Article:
Other than this weak storm in the northern mountains, we should be dry on Tuesday and Wednesday.

From Wednesday night through Thursday, a slightly stronger storm with more moisture should track across the southern mountains. I expect a few inches at all mountains and 4-8+ inches in the southern mountains, with the best chance for soft snow on Thursday morning.

Then after dry weather from late Thursday through late Saturday, a storm of weak-to-moderate strength could bring snow to all mountains from Saturday night through Monday (December 7-9).

The University of Utah's multi-model forecast shows these three systems (Monday night, Wednesday night, Saturday night).

First, here is the forecast for the northern mountains. Notice that the wide range of outcomes for Wednesday night – there is some upside potential.

The forecast for the southern mountains shows nothing on Monday night (the storm will track too far to the north) with a tighter range for Wednesday night showing deeper totals of 4-8+ inches.

The third storm, from Saturday night through Monday might split as it nears Colorado which means that I am keeping my snowfall expectations on the low side for now.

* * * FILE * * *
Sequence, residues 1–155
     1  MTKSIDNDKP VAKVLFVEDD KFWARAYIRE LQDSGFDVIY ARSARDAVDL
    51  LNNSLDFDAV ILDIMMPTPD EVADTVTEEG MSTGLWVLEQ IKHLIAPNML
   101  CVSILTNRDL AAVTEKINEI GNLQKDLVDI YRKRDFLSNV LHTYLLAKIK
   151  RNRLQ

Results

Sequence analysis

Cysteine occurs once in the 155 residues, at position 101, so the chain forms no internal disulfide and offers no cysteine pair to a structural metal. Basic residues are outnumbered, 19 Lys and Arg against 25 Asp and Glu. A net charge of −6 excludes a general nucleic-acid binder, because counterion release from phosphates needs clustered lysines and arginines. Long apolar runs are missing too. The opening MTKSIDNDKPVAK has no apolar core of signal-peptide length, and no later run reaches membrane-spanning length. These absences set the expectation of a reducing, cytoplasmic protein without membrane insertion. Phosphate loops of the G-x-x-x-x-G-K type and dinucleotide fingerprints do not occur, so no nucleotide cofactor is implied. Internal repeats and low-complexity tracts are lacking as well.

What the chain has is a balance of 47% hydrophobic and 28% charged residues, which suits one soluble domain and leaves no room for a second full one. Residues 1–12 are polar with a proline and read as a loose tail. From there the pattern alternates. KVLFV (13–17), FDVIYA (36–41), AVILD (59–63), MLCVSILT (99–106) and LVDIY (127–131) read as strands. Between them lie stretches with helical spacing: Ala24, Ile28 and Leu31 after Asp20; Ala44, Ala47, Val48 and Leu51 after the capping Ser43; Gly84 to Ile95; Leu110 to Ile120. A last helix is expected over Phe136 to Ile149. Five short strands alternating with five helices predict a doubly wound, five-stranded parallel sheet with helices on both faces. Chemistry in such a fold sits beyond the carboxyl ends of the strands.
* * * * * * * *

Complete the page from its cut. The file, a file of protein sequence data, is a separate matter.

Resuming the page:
Extended Forecast

We are still looking ahead to a possible system late in the week or over the weekend around December 12-15. I still have very low to zero confidence about this storm and I will keep an eye on the 15-day outlook and let you know when we get a bit more certainty in the forecast.

Thanks for reading!

My next update will be on Monday morning.

JOEL GRATZ

PS – I have two more talks on my schedule and I hope to see some of you at one of them (listed below)!

Announcements

Upcoming talks

These talks are usually 45 minutes and allow me to show a little of the science behind snow forecasting, have some fun, and answer lots of questions.

* Breckenridge: Dec 6 @ Colorado Mountain College Breckenridge
- Startup Weekend Kickoff Event
- 530 Dinner & Networking
- 630 My presentation discussing BOTH business & weather 
- 730 Startup Weekend Kickoff
- 830 Wrap up
- Tickets $25 includes dinner with a portion of proceeds donated to local non-profits
- See the event overview and buy tickets

* Basalt: Dec 12 @ Bristlecone Mountain Sports
- 700-730 Light refreshments
- 730-830 Presentation + Q&A
- Tickets are $10/person (proceeds benefit Roaring Fork Conservancy)
- More details
- Purchase a ticket in advance (might sell out)

Geography Key

Northern Mountains
Steamboat, Granby, Beaver Creek, Vail, Ski Cooper, Copper, Breckenridge, Keystone, Loveland, Abasin, Winter Park, Berthoud Pass, Eldora, Rocky Mountain National Park, Cameron Pass

Along the Divide
Loveland, Arapahoe Basin, Winter Park, Berthoud Pass

East of the Divide
Eldora, Echo, Rocky Mountain National Park, Cameron Pass

Central Mountains
Aspen, Sunlight, Monarch, Crested Butte, Irwin, Powderhorn

Southern Mountains
Telluride, Silverton – north side of the southern mountains | Purgatory, Wolf Creek – south side of the southern mountains